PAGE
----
SEC charges former president of NAPFA and his firm with taking $2.48M in kickbacks

James Putman’s firm ran unregistered investment pools whose assets were overstated and largely illiquid, commission alleges

Jun 8, 2009 @ 12:01 am

By Bruce Kelly

The SEC has charged James Putman, who held executive positions at NAPFA, and a colleague with taking $1.24 million each in kickbacks related to unregistered investment pools that their firm managed.

On May 20, the Securities and Exchange Commission alleged that James Putman, the founder and majority owner of Wealth Management LLC of Town of Grand Chute, Wis., and Simone Fevola, the firm’s president and chief investment officer, took the kickbacks from investments made by the unregistered investment pools.

The SEC order froze the assets of Wealth Management.

Mr. Putman was the past president of the National Association of Personal Financial Advisors of Arlington Heights, Ill from 1996 to 1997 and was also co-founder and first president of the northeast Wisconsin chapter of the former International Association for Financial Planning, a predecessor organization to the Financial Planning Association of Denver, which was created in 2000.

NAPFA is an organization of financial advisers who charge clients fees for services.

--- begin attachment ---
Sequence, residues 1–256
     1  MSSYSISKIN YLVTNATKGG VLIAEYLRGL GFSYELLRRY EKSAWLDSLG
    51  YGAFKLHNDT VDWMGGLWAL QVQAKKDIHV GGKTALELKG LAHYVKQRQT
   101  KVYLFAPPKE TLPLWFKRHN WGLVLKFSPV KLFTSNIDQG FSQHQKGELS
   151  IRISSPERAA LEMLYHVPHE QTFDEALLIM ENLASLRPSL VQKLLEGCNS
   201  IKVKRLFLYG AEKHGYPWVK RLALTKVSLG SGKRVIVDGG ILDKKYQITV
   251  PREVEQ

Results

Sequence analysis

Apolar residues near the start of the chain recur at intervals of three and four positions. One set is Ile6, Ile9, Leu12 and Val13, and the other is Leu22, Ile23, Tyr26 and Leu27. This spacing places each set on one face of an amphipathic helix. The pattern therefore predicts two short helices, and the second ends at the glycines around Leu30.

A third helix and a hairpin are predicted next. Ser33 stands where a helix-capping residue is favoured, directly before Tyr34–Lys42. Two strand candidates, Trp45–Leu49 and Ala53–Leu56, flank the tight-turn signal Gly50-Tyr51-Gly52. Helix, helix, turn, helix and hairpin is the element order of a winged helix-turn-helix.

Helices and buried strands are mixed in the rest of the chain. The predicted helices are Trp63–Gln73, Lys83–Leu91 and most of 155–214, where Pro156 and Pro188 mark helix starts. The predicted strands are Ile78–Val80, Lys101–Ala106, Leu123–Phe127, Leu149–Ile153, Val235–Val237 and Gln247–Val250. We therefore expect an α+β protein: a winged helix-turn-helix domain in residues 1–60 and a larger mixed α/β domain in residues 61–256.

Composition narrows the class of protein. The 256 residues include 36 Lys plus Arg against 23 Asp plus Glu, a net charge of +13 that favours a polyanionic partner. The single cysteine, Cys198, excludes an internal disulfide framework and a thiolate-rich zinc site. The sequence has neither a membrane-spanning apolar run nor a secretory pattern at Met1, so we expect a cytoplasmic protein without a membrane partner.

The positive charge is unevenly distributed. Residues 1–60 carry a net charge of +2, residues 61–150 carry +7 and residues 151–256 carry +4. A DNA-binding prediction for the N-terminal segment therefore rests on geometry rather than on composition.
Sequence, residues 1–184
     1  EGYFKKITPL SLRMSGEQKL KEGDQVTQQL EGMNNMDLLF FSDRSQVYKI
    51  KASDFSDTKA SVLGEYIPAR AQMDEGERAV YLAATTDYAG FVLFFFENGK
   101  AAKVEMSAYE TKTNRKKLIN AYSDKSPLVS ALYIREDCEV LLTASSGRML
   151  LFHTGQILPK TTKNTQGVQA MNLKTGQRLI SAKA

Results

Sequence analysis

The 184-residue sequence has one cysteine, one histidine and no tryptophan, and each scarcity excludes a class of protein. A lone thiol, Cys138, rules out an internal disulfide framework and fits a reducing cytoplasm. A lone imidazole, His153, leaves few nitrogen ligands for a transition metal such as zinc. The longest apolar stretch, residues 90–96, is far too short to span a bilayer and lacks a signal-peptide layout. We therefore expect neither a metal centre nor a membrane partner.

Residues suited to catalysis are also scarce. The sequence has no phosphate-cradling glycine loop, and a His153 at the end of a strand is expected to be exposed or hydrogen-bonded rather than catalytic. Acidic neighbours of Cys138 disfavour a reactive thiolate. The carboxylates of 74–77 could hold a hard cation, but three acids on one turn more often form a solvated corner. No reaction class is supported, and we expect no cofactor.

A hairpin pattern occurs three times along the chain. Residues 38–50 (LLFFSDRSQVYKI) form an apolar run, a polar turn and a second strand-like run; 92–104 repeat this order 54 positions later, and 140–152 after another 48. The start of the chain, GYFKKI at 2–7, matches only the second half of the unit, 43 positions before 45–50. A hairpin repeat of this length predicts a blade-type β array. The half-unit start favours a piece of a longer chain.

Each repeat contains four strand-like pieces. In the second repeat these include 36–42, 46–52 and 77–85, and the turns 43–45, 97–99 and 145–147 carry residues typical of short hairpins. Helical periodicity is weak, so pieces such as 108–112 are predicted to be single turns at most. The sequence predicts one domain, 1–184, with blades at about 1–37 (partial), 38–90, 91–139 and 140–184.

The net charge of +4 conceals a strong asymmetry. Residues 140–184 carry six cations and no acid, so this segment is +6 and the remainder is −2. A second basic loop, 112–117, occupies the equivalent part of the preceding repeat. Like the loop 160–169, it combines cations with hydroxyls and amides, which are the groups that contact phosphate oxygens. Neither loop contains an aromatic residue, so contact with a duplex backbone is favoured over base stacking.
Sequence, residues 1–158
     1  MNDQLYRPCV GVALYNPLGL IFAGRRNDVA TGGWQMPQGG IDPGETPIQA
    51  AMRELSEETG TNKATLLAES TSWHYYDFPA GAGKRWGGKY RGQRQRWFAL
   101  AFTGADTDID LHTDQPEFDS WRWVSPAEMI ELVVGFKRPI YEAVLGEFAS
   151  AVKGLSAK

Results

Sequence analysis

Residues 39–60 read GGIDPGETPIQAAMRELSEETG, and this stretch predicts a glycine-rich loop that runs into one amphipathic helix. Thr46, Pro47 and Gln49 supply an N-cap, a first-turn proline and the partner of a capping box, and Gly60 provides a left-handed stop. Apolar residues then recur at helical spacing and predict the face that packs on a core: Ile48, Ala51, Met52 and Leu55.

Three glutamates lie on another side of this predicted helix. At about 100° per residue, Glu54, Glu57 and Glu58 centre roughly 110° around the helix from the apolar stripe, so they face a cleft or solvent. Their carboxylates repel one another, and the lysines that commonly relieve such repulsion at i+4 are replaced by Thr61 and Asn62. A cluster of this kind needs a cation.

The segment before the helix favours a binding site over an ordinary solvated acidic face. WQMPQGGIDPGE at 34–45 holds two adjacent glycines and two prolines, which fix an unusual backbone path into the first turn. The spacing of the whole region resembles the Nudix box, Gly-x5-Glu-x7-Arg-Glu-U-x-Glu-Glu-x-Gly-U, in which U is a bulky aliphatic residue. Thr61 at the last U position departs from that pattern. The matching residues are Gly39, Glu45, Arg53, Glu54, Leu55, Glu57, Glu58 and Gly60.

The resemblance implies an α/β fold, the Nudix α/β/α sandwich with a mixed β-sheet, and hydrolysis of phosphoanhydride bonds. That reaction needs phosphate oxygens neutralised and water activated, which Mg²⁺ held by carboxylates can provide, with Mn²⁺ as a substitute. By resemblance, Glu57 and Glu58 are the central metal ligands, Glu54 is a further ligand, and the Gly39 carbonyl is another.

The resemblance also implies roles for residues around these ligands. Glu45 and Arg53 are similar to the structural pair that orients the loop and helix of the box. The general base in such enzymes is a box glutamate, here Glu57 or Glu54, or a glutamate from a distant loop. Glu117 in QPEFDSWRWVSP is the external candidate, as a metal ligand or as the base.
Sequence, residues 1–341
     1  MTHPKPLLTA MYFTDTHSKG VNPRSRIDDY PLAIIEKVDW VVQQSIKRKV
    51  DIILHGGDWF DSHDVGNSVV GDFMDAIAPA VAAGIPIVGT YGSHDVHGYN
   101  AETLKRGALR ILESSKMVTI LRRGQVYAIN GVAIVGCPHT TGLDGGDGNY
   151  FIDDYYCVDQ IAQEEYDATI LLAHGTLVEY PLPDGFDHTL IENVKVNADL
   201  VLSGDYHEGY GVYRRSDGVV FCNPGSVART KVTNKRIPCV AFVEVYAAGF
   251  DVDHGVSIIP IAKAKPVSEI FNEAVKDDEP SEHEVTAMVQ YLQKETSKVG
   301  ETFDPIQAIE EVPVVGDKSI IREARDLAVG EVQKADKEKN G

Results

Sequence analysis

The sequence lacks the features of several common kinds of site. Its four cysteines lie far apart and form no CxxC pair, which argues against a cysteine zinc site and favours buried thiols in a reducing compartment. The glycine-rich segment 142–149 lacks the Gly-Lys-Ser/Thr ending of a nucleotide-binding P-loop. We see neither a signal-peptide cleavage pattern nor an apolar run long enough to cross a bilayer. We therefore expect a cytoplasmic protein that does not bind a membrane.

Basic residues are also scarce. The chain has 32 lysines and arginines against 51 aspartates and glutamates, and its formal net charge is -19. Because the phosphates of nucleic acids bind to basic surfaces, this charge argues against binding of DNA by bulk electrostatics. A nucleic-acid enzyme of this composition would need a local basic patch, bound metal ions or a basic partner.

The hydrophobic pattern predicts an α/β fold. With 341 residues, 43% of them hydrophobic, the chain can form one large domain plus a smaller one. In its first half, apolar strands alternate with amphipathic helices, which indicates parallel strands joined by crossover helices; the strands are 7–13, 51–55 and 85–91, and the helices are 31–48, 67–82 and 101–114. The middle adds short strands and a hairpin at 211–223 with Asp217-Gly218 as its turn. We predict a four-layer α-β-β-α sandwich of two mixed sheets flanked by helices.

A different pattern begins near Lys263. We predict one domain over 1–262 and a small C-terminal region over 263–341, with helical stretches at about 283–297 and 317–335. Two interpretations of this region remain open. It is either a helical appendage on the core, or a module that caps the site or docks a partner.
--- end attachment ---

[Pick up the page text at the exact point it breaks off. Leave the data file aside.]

Mr. Putman is no longer a member of the organization and left last year, said Diahann Lassus, president of the organization.

In a closed session for NAPFA members last week at the association's annual conference, advisers expressed distress, concern and disappointment at the news, she said.

“Most of us are very saddened by it and frustrated by it,” Ms. Lassus siad.

She stressed that NAPFA had a very high standard for its members, and had spent over 25 years building its reputation.

She added that she was not aware of a prominent member of NAPFA facing such charges in the past.

According to the SEC's complaint, Wealth Management, Mr. Putman and Mr. Fevola caused clients to invest in the pools from May 2003 through August 2008.

Wealth Management claims to currently have approximately $102 million of its clients' assets invested in these pools.

The SEC's complaint alleges that the pools' assets are largely illiquid and the reported values of their assets appear to be substantially overstated.

Late in 2008 and earlier this year, NAPFA made clear and outspoken statements about advisers committing fraud.

In fact, it took the Bernard Madoff Ponzi scheme as an opportunity to stress the role and fiduciary responsibility of financial advisers.

On Dec. 16, NAPFA issued a press release with the headline "How to Monitor Your Financial Adviser," noting that the "Madoff case adds to lack of investor confidence in the financial service industry."

"As we allege in our complaint, Putman and Fevola put their own financial greed ahead of the safety and stability of their clients' investments," Merri Jo Gillette, director of the SEC's Chicago regional office, said in a statement.

The 57-year-old Mr. Putman said he has been cooperating with federal authorities and offered "sincere apologies to Wealth Management clients and staff for the concern and controversy this is causing," according to The Associated Press.

An earlier version of the story referred to the founder and owner of Wealth Management LLC as James Putnam. His correct name is James Putman.

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